This study also found that mindfulness has an indirect effect on BTP through the mediation of self-compassion. Individuals with low self-compassion have cognitive biases based on past experiences, and often have negative self-perceptions. However, mindfulness is a balanced consciousness that emphasizes non-judgmental awareness and acceptance. This way of treating internal and external experiences helps to reduce self-criticism and redundancy, avoiding the excessive influence of cognitive biases (Jain et al., 2007; Samaie and Farahani, 2011; Hitchcock et al., 2012). Self-compassion is a positive personal resource (Leary et al., 2007), it can buffer the influence of negative emotions and thoughts on BTP, thereby improving the level of BTP. Namely, those with high levels of self-compassion tend to have more positive attitudes and more positive cognitive evaluations of themselves. These individuals experience more positive emotions, high self-worth (Neff and Vonk, 2009), and self-efficacy (Iskender, 2009), so they have higher BTP. Individuals with low self-compassion tend to have negative attitudes and worse cognitive evaluations on themselves. These individuals experience low self-worth (Neff and Vonk, 2009), lack self-confidence, and think that they are not as good as others. As such, these individuals often have a low sense of self-efficacy, their BTP is lower. Therefore, self-compassion is an intermediary between mindfulness and BTP.

In the chain mediating pathway between mindfulness and BTP, SWB plays a mediating role between self-compassion and BTP. SWB is an important psychological characteristic within the field of positive psychology. According to the Broaden-and-Build Theory of Positive Emotions (Fredrickson, 1998, 2001), SWB has the function of expanding and enhancing cognition and thinking abilities. Individuals with high SWB hold relatively positive cognitive appraisal of their quality of life and experience of subjective emotion. The balance and stability of emotion as well as the flexibility and pioneering characteristics of cognitive will conducive to the maintenance and development of individual BTP. Self-compassion can adjust the psychological impact of life stress on individuals, increase the ability to control negative emotions, and make their emotional experience and subjective evaluation more positive, so as to maintain a high SWB. Self-compassion can improve individuals’ cognition and emotional experience of the quality of life, and indirectly affects BTP through the mediating effect of SWB.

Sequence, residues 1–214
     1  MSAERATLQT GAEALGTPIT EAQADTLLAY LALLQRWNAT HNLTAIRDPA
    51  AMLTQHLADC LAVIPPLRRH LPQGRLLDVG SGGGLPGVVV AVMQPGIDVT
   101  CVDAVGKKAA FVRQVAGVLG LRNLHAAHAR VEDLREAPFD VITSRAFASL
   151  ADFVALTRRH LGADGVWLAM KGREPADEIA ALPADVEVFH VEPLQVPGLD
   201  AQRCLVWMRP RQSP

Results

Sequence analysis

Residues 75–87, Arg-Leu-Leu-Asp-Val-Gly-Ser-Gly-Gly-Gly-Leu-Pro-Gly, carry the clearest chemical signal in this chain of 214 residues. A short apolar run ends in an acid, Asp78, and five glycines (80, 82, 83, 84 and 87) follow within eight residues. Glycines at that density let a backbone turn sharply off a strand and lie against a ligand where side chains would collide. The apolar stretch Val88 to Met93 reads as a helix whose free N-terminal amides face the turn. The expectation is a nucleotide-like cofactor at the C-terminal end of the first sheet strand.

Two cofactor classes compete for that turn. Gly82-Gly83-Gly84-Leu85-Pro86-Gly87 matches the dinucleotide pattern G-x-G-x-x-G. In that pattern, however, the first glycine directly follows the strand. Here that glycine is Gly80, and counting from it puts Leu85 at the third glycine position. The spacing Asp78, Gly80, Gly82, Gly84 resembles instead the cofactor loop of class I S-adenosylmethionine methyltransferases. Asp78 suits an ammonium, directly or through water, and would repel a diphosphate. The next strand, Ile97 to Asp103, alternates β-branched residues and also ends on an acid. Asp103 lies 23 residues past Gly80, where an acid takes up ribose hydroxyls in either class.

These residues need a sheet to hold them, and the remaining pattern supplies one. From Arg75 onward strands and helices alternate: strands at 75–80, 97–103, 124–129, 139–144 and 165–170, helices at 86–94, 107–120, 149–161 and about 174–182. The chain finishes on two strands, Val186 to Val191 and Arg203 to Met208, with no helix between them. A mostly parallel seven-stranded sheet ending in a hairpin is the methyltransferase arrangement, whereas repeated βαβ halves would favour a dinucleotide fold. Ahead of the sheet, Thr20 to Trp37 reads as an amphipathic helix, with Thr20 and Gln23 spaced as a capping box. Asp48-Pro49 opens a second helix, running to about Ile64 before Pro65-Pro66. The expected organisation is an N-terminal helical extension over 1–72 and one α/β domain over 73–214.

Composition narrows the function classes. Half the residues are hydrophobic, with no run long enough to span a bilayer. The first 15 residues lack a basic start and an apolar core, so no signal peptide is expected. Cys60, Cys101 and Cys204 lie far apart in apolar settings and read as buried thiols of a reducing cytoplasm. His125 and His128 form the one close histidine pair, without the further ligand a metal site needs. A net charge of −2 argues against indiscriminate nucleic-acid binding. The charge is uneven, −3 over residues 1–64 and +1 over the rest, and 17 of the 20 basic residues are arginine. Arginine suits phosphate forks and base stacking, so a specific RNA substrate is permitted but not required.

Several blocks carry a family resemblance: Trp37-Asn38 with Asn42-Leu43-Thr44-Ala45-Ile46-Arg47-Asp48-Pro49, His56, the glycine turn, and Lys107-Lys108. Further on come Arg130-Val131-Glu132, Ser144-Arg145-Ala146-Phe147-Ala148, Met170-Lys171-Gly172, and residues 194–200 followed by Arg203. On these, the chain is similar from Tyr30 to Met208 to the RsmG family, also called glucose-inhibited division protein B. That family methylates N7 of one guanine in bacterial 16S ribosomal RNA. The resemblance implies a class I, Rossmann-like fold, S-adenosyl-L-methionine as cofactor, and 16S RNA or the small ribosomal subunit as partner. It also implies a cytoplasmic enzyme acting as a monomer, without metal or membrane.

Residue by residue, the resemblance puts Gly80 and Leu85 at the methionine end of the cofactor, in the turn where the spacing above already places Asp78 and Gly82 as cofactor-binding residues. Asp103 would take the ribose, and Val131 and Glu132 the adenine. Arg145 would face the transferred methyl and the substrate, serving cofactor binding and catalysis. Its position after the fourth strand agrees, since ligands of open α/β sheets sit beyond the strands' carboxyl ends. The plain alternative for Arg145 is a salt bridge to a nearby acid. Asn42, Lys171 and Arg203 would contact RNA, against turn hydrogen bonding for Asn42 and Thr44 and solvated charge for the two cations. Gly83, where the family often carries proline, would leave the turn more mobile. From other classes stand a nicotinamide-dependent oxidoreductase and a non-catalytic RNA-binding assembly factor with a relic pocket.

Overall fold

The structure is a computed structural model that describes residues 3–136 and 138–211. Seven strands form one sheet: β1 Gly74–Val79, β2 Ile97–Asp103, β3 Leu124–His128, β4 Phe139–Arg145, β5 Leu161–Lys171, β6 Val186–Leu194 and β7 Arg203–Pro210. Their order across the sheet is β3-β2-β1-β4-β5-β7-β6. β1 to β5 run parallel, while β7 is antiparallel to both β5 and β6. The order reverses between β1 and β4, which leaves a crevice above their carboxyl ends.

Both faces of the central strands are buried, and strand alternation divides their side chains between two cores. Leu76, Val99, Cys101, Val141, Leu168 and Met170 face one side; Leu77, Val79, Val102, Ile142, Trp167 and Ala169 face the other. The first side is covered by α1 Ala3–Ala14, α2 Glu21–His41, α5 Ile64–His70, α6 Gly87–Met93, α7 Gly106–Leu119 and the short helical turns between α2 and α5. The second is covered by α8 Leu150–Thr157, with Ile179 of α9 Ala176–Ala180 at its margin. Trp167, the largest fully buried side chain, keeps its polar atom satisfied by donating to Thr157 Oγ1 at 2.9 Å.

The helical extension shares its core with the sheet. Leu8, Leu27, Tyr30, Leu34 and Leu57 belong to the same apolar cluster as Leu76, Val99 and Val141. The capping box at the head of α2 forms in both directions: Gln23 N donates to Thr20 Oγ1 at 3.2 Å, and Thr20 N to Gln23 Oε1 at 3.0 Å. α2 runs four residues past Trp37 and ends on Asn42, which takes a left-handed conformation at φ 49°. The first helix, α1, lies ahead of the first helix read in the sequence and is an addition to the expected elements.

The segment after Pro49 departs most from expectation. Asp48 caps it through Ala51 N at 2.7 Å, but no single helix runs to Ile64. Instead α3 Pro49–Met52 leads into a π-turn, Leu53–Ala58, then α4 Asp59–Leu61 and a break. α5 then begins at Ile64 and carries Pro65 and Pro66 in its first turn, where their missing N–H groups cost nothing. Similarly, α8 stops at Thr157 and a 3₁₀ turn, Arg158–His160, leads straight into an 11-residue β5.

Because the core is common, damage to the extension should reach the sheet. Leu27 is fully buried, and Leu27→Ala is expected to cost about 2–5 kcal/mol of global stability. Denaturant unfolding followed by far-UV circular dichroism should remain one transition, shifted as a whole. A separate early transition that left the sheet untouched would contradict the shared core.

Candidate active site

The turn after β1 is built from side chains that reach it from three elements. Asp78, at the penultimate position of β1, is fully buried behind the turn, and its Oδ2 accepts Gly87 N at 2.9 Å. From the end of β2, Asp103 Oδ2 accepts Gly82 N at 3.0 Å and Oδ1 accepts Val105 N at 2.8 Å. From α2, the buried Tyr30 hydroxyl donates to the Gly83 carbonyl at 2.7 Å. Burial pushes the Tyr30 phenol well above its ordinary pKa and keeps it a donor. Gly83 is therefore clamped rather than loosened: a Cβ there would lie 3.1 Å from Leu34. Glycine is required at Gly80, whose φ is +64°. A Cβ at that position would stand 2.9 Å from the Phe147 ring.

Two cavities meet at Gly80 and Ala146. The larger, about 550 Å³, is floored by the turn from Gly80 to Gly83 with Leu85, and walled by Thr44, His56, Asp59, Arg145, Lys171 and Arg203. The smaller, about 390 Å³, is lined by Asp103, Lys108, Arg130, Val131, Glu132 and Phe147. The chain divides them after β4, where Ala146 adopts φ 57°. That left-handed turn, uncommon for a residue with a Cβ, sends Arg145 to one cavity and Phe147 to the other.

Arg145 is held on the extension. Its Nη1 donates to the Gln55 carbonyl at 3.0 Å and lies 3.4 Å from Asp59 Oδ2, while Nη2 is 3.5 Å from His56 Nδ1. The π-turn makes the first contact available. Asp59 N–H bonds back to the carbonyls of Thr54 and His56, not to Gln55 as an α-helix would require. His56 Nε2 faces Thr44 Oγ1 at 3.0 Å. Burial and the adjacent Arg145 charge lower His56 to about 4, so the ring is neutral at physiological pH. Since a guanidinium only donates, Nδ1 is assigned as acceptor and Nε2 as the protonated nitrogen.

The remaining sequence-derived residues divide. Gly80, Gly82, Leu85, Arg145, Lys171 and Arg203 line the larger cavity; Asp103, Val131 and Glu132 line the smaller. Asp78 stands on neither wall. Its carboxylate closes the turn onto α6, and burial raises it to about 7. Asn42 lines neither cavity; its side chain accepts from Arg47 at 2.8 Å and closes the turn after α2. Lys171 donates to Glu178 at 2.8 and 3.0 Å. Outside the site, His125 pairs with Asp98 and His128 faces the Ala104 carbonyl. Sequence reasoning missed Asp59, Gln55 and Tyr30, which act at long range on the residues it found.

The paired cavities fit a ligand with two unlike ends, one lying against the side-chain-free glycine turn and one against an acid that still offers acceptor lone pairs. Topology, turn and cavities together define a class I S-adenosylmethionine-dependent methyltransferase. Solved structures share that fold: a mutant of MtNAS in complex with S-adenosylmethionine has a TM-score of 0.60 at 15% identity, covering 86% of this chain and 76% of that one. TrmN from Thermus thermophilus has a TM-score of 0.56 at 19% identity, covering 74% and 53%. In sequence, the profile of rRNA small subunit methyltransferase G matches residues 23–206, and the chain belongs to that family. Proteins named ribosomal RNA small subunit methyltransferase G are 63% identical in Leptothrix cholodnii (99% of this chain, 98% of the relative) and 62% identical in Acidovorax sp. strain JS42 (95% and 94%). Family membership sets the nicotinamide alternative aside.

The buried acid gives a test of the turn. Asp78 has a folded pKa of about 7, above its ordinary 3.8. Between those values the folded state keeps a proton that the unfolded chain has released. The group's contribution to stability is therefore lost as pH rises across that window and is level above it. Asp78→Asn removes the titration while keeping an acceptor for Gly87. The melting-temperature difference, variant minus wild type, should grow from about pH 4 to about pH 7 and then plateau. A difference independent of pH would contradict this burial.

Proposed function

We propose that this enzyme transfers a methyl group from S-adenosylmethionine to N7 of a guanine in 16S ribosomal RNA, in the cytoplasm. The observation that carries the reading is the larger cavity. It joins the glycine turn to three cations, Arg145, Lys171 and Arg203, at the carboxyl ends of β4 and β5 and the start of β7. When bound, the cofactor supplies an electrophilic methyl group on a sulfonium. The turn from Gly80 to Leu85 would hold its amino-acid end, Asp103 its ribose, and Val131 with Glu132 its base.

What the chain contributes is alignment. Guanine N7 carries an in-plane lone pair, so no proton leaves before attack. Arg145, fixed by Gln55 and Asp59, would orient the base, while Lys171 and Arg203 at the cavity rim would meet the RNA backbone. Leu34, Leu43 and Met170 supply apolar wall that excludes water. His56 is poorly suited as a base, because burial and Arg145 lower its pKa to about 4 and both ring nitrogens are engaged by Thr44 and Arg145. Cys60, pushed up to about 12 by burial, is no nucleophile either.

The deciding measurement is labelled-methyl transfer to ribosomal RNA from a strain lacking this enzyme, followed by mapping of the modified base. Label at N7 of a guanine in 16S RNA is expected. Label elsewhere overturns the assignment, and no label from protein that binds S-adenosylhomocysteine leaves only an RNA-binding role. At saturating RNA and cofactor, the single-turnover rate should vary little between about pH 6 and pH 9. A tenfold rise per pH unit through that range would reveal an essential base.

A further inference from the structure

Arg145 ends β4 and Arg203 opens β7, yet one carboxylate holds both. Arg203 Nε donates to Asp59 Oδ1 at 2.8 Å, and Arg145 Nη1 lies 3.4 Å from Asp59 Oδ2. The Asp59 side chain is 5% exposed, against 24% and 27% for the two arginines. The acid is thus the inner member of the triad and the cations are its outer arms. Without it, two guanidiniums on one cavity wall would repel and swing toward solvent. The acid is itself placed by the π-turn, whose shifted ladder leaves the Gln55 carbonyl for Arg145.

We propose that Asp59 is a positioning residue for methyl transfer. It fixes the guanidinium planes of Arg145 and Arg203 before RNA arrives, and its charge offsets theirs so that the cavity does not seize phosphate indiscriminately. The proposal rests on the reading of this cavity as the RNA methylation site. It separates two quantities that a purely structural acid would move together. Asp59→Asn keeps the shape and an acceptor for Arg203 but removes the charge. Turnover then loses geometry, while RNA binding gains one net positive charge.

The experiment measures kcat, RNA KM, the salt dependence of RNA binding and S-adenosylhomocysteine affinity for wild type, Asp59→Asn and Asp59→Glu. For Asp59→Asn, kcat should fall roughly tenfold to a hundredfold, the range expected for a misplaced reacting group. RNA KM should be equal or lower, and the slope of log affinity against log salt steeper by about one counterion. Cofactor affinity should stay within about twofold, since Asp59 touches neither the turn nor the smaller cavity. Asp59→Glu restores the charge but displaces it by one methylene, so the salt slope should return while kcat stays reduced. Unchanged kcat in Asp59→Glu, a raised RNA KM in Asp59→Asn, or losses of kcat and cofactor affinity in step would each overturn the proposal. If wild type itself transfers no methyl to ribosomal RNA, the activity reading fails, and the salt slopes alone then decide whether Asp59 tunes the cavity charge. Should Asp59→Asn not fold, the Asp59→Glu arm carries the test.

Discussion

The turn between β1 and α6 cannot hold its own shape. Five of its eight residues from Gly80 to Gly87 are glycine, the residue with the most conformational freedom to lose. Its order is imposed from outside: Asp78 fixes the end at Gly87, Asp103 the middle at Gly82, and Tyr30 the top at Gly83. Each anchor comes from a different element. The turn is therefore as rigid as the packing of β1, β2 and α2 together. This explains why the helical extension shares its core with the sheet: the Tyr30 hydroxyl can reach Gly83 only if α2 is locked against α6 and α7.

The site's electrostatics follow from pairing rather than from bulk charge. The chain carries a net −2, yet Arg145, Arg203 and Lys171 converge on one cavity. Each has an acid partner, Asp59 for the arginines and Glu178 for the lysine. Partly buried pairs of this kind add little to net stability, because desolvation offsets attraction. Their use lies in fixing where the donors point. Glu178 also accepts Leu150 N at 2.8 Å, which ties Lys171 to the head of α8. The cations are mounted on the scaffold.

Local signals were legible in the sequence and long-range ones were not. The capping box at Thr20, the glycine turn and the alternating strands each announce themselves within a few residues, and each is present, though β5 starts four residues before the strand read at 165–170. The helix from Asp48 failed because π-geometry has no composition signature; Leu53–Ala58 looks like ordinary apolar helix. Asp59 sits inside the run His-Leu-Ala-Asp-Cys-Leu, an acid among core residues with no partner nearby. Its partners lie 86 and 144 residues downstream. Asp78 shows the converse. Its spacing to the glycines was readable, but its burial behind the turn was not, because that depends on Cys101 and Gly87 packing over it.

Structural equation model analysis shows that self-compassion and SWB are partially mediated between mindfulness and BTP. The direct effect of mindfulness on BTP is significant, and higher than the total indirect effect, indicating that the positive impact of mindfulness on BTP is very important. Firstly, mindfulness implies maintaining a conscious awareness of the present moment (Drake et al., 2008; Stolarski et al., 2016), and can be interpreted as the self-regulation of attention, involving flexibility, sustainability, and conversion of attention (Baer, 2003; Bishop et al., 2004; Castelli and Tesio, 2016; Crescentini et al., 2016; Tang et al., 2017). Mindfulness may enhance BTP by increasing awareness and attention. On the one hand, it makes it easier for individuals to build awareness of a time perspective. On the other hand, individuals can be more sensitive to the needs of the current external environment and tasks, and can flexibly adjust the time perception according to the needs of tasks. Secondly, some studies are now focusing on the relationship between mindfulness and time experience. Mindfulness has been found to affect time perception, and even just about 10 min of mindfulness meditation can slow down time perception (Kramer et al., 2013). When mindfulness is seen as a personality trait, it was found that mindfulness was associated with a series of time-related personality traits, such as daily time planning and decision making, self-control of time, higher future time perspective, and lower past negative time perspective (Wittmann et al., 2014). Thirdly, people are usually in the “doing mode of mind,” purpose-oriented and emphasizing evaluation and change. Mindfulness emphasizes awareness and acceptance, focuses on the present experience, and is a “being mode of mind” (Brown and Ryan, 2003; Williams, 2010; Dorjee, 2016), which can change individuals’ time experience, time consciousness, and time perception (Otten et al., 2015; Wittmann et al., 2015; Schötz et al., 2016), and thus influence BTP. Finally, the direct effect of mindfulness on BTP also suggests that mindfulness may enhance BTP through other paths. In addition to self-compassion and SWB, there may be other mediating variables. Future research should focus on finding other mediating variables and pathways so as to reveal more clearly and systematically the inner mechanism of the positive effect of mindfulness on BTP.